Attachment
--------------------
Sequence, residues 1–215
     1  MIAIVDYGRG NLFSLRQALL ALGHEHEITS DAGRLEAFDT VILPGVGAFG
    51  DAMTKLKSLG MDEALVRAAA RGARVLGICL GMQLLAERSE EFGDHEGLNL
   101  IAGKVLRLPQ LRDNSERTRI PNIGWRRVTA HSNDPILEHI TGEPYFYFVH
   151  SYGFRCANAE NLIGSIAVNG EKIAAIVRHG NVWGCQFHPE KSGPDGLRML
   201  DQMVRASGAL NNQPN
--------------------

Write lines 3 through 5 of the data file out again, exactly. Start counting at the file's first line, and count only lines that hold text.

    51  DAMTKLKSLG MDEALVRAAA RGARVLGICL GMQLLAERSE EFGDHEGLNL
   101  IAGKVLRLPQ LRDNSERTRI PNIGWRRVTA HSNDPILEHI TGEPYFYFVH
   151  SYGFRCANAE NLIGSIAVNG EKIAAIVRHG NVWGCQFHPE KSGPDGLRML